‘In particular, the Europeans require their agreements to contain strong protections for geographical indicators, such as the traditional names of European cheeses like camembert and parmesan. New Zealand, Australia and the US have been pushing for the opposite rules in the TPPA.’

According to Professor Kelsey negotiations with the Europeans would, like the TPPA, range far beyond ‘free trade’.

Europe’s pharmaceutical companies are just as aggressive as US Big Pharma in the US.

The European services lobby will also push for sweeping rules that lock in deregulatory frameworks for banking and other financial services, privatised water concessions, public private partnerships, telecommunications, and much more.

‘These are all areas where New Zealand needs a free hand to remedy the problems of light handed and risk tolerant regulation of recent decades’, Professor Kelsey observed.

‘On the positive side of the ledger, the EU has refused to agree to US demands for a similar level of secrecy in the Trans-Atlantic Trade and Investment Partnership to that which applies for the TPPA.'

The Europeans have already agreed to release the draft investment chapter for public comment before it is tabled in the negotiations. The European Parliament can be expected to subject any talks to intensive scrutiny.

‘Equally significant are the announcements from France and Germany this month that they will not accept investor-state dispute settlement in any agreement with the US. That is further proof that the tide is turning on this particularly iniquitous feature of recent commercial treaties.' 

However, a similar approach in an EU-NZ agreement would not protect New Zealand from investor claims by European firms, according to Professor Kelsey.  'Many European their firms span the Atlantic and could use a backdoor route to sue the New Zealand government under the TPPA. ’


The TPPA negotiations with the US and ten other countries have already taken four years without any resolution. Professor Kelsey predicts that any negotiation with the EU would drag on interminably.

Don't Forget Saturday 
meeting places, times, local contacts and facebook event pages 

Key's Double Talk On Land Sales Disturbing

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John Key is reported (Press, 18/3/14) as telling iwi leader Sir Mark Solomon and the public different things concerning NZ land sales to China.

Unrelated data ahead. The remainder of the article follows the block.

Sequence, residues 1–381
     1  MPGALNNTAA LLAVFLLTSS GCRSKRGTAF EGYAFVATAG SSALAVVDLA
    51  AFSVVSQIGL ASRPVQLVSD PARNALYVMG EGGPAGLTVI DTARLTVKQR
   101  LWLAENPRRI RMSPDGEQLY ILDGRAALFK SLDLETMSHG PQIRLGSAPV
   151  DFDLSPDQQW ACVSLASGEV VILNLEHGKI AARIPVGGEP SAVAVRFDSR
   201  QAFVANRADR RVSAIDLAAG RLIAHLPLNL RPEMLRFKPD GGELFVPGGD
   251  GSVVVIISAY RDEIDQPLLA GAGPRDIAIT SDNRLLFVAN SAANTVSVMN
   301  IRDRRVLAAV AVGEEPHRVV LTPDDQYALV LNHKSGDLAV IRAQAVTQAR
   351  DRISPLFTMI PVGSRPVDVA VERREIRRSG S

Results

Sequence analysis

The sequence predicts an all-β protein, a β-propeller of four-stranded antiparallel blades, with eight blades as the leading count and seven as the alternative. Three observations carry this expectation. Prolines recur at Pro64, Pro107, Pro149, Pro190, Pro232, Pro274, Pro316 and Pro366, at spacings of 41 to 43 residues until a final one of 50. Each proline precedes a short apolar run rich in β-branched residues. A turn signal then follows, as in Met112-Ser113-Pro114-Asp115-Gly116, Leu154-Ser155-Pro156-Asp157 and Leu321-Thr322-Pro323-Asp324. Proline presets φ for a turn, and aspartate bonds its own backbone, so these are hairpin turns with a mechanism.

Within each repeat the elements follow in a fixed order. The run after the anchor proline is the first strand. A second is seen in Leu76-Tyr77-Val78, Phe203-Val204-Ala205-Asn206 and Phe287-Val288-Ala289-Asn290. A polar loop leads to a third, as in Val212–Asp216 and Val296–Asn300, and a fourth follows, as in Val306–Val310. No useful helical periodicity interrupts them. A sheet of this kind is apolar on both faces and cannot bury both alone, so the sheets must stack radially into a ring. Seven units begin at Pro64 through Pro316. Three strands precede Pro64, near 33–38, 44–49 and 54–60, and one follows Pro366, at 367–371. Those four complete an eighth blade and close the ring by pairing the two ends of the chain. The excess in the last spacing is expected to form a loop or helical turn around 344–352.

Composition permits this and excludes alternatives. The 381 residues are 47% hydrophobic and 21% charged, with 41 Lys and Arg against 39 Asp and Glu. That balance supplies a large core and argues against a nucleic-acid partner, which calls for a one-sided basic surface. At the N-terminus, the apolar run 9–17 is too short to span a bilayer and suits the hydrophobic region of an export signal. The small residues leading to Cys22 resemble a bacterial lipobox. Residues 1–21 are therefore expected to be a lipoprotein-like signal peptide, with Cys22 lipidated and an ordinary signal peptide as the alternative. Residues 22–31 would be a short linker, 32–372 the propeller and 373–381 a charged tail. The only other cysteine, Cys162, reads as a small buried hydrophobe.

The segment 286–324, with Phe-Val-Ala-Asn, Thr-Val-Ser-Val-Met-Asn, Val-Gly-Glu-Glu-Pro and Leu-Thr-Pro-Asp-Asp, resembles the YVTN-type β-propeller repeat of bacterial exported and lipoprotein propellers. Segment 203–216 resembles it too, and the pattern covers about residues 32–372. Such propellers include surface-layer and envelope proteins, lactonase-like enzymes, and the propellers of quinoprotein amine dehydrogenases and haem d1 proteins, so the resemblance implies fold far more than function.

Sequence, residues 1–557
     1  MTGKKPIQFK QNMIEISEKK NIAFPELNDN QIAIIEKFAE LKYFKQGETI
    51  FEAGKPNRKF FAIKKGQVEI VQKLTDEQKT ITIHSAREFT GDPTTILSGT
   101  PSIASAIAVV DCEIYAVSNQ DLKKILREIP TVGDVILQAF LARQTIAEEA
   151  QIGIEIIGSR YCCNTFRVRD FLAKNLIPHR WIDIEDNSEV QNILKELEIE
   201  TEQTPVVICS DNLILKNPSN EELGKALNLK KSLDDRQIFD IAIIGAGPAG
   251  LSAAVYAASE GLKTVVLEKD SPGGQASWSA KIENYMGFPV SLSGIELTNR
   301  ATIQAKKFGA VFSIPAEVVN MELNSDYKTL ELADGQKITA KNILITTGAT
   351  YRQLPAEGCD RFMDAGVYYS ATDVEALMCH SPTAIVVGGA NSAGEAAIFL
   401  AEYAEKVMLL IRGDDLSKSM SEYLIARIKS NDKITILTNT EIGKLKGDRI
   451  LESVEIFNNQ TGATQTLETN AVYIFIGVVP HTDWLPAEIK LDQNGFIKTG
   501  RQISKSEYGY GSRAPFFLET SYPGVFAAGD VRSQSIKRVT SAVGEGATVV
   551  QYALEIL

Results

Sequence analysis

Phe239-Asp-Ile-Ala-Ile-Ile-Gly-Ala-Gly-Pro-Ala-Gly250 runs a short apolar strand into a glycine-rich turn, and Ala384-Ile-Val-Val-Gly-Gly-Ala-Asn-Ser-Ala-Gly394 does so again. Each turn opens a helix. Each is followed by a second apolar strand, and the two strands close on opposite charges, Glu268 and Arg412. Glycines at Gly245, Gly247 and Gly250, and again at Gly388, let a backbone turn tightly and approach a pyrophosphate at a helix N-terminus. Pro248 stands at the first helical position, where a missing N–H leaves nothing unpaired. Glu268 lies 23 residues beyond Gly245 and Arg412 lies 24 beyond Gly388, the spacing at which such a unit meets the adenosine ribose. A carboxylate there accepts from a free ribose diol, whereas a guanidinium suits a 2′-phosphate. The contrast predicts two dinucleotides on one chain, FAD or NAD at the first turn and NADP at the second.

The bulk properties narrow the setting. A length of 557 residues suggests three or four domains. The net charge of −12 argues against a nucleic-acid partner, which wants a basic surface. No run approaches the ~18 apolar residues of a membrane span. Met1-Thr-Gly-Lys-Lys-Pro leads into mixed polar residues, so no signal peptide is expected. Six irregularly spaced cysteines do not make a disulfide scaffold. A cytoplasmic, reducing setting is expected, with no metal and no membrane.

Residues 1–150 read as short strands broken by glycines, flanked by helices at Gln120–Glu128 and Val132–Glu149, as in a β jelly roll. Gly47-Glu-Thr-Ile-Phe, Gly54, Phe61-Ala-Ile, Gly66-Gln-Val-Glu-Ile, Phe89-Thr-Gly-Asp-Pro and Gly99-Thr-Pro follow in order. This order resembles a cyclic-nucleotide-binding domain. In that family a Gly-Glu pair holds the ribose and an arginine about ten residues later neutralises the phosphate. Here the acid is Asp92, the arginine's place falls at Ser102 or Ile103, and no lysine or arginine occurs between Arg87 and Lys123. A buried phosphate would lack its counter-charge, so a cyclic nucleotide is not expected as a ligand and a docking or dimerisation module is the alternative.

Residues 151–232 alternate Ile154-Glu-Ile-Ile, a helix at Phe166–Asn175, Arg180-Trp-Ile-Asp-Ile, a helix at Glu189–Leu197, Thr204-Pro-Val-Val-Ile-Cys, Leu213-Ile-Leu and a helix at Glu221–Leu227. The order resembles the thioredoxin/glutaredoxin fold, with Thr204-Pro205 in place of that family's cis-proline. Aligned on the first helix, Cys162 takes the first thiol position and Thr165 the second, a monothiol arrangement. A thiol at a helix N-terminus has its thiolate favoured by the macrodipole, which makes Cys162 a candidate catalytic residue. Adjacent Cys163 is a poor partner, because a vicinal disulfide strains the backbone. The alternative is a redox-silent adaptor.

Solomon was told the Government is encouraging China to lease rather than buy NZ land, whilst publicly Key denies there is any change to "the rules around foreign investments".


This double talk suggests Key will convey open sesame to China during a visit that commences today, and another position to the NZ public who are increasingly concerned about the sale of NZ property to China and other foreign interests.


Despite Government assurances to the contrary, land sales to foreign interests are dramatically increasing. Here are the latest available overall figures, from the Key Facts page of the CAFCA Website 


In 2012, the Overseas Investment Office approved the sale of 43,080 hectares of freehold rural land and 8,554 hectares of leases and other interests in land to foreigners. About 10,000 hectares of the freehold land and almost all the leases and other interests in land were from one foreign investor to another. In the decade 2003 to 2012, the average was 133,942 hectares of freehold and 60,435 hectares of leases and other interests in land approved for sale. Statistics on sales of land to overseas interests are poorly recorded and incomplete. Our best estimate is that in 2011 at least 8.7 percent of New Zealand farmland including forestry, or 1.3 million hectares, is foreign-owned or controlled and it could have reached 10 percent. (Sources: Overseas Investment Commission and Overseas Investment Office. “Overseas Ownership Of Land: Far Greater Than The 1% The PM Claims”, by Bill Rosenberg)


John Key must cut out the double talk and signal a firm change of policy over foreign investments in NZ to both China and the New Zealand people


And why stop at China when talking about making foreigners lease rural land, as opposed to buying it? 


This needs to be an across the board policy, not simply confined to one country because that happens to the one that is giving the Government political grief at the moment


Join The National Day Of Action To Stop The TPPA

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Saturday 29 March, 1-00p.m.

Contact the organisers of your local event if you can help or Chris  if you want to start something where there is a gap.